@BalmungSan

I wonder if the same criticism is true of extension methods.

No, one-level extension methods is one of the few cases where AnyVal always work as expected.

Adam Rosien
@arosien
AnyVal are efficient, but there are a set of cases where they don't work. they are generally good though.
bblfish
@bblfish:matrix.org
[m]
did you do a follow up talk on opaque types?
Adam Rosien
@arosien
i know nothing about opaque types, in the scala 3 sense
it probably works most of the time, and doesn't work in weird ways
bblfish
@bblfish:matrix.org
[m]
There is a nice intro talk to it here: https://www.youtube.com/watch?v=8-b2AoctkiY I am just watching now.
Luis Miguel Mejía Suárez
@BalmungSan
AFAIK they always work, because they are exactly that just opaque type alias.
The downside is that they are very raw.
You need to re-create a lot of functionality.
Christopher Davenport
@ChristopherDavenport
They work, but the scopes and rules are pretty difficult to get rightl
Atleast if you want to combine static validation and opaque types, which I often do
Luis Miguel Mejía Suárez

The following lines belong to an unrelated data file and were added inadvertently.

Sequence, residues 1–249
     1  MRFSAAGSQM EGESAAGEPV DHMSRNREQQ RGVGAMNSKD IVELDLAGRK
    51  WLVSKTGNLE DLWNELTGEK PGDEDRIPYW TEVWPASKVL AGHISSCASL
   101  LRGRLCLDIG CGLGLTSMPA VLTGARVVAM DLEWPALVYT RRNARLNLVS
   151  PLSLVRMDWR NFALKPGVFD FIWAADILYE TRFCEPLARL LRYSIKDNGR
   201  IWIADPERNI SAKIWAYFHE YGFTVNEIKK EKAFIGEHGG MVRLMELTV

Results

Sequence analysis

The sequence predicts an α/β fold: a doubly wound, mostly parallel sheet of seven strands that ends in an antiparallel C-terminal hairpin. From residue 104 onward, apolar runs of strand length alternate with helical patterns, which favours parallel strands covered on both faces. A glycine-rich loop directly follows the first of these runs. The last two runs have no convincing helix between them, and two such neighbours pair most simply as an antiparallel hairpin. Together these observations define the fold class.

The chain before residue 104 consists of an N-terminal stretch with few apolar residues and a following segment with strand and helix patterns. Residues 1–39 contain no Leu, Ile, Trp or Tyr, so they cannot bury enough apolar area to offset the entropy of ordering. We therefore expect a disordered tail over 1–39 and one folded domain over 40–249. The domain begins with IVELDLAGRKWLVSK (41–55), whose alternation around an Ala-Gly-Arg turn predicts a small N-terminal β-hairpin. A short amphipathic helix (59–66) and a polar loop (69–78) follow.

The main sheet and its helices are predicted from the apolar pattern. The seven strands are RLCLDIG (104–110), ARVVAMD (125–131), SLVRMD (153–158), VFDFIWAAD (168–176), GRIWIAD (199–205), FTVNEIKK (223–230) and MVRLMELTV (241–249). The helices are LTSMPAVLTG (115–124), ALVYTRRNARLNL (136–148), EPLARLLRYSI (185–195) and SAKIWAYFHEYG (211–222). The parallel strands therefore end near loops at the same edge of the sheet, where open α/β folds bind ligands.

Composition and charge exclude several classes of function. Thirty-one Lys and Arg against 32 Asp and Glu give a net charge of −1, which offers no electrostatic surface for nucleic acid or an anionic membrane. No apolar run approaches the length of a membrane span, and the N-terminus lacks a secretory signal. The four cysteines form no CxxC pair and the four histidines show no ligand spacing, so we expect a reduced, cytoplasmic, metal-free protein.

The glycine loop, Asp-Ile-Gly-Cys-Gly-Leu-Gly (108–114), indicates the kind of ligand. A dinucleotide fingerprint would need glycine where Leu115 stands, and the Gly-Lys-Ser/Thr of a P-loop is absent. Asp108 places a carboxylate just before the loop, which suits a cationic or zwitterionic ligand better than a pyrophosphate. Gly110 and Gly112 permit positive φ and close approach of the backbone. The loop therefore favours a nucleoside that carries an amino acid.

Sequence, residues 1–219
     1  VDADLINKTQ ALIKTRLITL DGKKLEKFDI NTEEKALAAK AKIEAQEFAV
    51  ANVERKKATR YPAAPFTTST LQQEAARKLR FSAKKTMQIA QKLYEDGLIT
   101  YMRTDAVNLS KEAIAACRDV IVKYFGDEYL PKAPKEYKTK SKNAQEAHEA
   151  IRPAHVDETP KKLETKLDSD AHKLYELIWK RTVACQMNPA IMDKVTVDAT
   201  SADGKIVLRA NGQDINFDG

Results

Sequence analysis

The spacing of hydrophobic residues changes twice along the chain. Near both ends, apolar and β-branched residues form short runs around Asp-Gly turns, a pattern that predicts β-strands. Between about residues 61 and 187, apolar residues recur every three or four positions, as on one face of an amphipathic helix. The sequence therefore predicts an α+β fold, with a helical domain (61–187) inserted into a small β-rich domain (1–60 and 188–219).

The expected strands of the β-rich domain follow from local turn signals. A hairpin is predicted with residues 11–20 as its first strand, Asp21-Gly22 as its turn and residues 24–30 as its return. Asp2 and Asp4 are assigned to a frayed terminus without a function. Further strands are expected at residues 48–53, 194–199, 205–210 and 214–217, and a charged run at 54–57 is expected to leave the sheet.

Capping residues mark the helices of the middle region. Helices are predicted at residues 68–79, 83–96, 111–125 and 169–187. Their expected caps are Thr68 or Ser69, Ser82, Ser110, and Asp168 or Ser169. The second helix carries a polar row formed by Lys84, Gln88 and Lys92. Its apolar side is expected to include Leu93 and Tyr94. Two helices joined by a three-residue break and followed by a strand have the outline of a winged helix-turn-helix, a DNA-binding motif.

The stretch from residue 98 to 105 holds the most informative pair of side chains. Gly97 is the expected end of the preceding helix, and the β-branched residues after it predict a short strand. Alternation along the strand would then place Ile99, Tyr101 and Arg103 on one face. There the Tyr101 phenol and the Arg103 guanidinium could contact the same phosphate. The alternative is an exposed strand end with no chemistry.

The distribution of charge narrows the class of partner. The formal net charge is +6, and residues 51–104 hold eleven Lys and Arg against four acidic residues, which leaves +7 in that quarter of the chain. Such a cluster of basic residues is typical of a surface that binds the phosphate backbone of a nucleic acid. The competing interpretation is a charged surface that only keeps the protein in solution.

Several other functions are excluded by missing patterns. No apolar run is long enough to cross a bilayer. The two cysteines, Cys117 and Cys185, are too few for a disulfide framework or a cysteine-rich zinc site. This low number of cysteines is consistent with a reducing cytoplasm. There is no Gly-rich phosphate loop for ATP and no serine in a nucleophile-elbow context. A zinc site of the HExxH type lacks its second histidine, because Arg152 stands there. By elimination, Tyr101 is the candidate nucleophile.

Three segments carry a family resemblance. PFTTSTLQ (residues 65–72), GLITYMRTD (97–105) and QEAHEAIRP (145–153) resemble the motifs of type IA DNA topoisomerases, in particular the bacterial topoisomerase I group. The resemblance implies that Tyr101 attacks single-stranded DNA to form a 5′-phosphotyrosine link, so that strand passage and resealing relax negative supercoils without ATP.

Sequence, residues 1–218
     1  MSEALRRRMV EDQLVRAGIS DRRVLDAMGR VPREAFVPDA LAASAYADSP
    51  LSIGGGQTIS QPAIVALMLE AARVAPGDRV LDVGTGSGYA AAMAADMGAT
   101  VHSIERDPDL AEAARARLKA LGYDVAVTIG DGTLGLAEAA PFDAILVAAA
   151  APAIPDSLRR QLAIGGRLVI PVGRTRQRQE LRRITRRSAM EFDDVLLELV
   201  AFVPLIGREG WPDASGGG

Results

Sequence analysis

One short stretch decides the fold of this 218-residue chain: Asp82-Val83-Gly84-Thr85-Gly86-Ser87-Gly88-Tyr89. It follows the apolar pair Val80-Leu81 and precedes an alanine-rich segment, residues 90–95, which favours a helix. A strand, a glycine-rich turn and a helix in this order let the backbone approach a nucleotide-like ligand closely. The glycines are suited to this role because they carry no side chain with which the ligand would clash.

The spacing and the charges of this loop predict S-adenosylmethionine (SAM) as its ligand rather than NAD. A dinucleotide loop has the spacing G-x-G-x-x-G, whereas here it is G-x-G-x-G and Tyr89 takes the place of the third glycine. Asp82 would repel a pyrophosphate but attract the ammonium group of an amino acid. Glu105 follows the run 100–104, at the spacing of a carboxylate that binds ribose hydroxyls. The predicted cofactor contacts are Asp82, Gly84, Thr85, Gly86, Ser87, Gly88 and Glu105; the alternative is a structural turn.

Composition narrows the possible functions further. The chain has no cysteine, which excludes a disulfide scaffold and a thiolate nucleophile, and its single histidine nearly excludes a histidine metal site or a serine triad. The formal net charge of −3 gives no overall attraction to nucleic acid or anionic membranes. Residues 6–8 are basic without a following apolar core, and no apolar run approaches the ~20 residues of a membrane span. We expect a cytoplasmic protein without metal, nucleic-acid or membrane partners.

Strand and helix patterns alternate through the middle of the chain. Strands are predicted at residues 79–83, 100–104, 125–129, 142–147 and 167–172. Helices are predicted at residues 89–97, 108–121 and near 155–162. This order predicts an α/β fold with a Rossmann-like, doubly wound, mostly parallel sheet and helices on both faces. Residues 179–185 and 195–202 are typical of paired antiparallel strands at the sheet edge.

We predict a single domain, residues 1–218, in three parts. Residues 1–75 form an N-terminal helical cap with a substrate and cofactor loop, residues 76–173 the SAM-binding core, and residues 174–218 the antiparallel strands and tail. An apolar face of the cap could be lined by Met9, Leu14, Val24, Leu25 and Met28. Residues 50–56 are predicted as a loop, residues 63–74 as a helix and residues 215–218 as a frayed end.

@BalmungSan
Why do you need the inner scope?
bblfish
@bblfish:matrix.org
[m]
I was trying to use an opaque type a few days ago for a Long to refine it to an SfLong (which can have only 15 decimal digits), but I think I discovered that the compiler gave me a warning on pattern matching those, relating Scala loosing type information... (But I did not investigate much deeper and move to case classes..)
Christopher Davenport
@ChristopherDavenport
The inner scope is to allow the static validation to exist outside the scope of the opaque type, as inline and opaque types internal scope conflicts
That's my example of simplest I could manage that was equivalent to - https://github.com/ChristopherDavenport/nonemptystring/blob/master/modules/core/src/main/scala-2/io/chrisdavenport/nonemptystring/NonEmptyString.scala#L23 - Happy to simplify if folks have easier ways. I'm fairly certain I'll have to the same scoping, but now I can use literally rather than writing the custom macro validation myself.
Luis Miguel Mejía Suárez
@BalmungSan
@-@
bblfish
@bblfish:matrix.org
[m]
This is what I get
 Warning: /Volumes/Dev/Programming/Scala3/cosy/src/main/scala/run/cosy/http/headers/Signature-Input.scala:104:70